On August 27th, 1942, Callas played the role of Tosca at the Summer Theater in Klafthmonos Square, and in the spring of 1944 played Marta in the opera Tiefland at the Olympia Theater. In July of the same year, she appeared for the first time at the ancient Odeon of Herodes Atticus, as Smaragda in Manolis Kalomiris’ The Master Builder. On August 14th, the eve of her name day, Maria returned to the stage of the Odeon, this time as Leonore in a Greek-language production of Beethoven’s Fidelio, under the musical direction of Hans Herner and directed by Oskar Wallek. Her performance garnered critical acclaim in the Greek and international press, with some critics declaring it to be her greatest triumph. Such praise undoubtedly made Callas start to think that Greece no longer sufficed for her ambitions.

She finally departed for New York in September 1945. “Callas knew from the beginning who she was. The Greek scene was too small for her potential. She had such self-knowledge that, even at the age of 15, she knew she needed to leave Trivella and seek a teacher who could help her evolve, like Elvira de Hidalgo had done,” says Louras.

 

In 1957, Callas – who was by this point a global celebrity – returned to the Odeon of Herodes Atticus to perform a recital of opera arias by Donizetti, Verdi, Wagner, and Thomas. But she still harbored resentment against Philoctetes Economides, her former nemesis who had openly criticized her singing. In a letter to Achilleas Mamakis, then director of the Athens Festival, she wrote: “I have no problem with a Greek maestro directing in Athens, if that is what you wish. But it would be better if Mr. Economides, specifically, sat in the stands with the audience. He will thus have the opportunity to determine whether I do indeed have a voice.”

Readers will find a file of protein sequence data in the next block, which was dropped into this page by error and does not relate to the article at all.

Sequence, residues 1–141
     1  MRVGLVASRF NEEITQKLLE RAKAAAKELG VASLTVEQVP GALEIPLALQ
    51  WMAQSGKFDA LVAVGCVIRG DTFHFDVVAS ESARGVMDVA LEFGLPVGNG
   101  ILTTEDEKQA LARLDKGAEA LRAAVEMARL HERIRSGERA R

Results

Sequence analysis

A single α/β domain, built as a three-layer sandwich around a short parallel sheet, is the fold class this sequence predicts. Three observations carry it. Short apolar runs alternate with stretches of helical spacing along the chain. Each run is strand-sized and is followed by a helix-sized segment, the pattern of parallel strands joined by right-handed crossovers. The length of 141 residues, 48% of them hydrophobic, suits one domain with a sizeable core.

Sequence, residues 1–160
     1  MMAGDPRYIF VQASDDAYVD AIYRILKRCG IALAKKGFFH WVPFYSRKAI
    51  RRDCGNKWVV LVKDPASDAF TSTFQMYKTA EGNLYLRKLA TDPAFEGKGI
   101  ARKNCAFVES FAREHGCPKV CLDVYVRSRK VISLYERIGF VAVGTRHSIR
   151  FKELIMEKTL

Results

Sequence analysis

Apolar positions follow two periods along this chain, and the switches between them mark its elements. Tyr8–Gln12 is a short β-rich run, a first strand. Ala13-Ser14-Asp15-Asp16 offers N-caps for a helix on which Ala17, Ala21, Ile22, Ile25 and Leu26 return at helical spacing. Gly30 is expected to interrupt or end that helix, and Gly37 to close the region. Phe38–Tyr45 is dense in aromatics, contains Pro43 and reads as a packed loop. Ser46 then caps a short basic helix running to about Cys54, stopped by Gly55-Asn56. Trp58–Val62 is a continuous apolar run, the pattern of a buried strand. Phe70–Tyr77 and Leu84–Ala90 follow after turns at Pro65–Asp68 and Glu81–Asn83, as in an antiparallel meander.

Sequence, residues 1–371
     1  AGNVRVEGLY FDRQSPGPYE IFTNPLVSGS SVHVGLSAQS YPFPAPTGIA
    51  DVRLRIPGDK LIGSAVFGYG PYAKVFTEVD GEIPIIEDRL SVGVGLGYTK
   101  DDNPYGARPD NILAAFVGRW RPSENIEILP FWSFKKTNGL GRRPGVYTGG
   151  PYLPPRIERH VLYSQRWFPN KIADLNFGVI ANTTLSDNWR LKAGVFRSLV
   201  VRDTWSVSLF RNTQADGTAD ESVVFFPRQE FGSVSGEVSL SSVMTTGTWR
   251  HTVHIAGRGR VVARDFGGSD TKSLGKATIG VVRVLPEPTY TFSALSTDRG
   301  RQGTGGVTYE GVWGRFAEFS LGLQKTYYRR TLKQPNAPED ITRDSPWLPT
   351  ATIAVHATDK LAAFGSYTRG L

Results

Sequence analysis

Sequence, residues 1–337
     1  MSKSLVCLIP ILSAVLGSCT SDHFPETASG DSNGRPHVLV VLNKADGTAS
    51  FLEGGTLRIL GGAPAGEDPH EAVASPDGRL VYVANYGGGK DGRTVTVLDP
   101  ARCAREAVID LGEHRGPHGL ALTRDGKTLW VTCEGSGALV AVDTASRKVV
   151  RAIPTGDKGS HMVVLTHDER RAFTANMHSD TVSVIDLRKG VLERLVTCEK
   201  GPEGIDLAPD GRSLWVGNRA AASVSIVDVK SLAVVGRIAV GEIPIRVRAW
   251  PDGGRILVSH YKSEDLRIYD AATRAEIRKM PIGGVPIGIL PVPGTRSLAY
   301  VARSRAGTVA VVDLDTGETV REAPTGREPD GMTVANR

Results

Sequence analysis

Searching for Callas

The judgment of history has come down on the side of Callas, but Greece itself was late in recognizing her genius. Callas herself said in 1957 that Greece had left her feeling “bitter.” Today, 46 years after her demise, a bronze statue of the soprano by the sculptor Aspasia Papadoperaki, who also created her bust at the Athens Concert Hall, appears to “gaze at us” from Madritis Square behind the former Hilton Athens. Another statue, created by artist Aphrodite Liti based on one of Callas’s performances at La Scala in Milan, can be found on Dionysiou Areopagitou Street.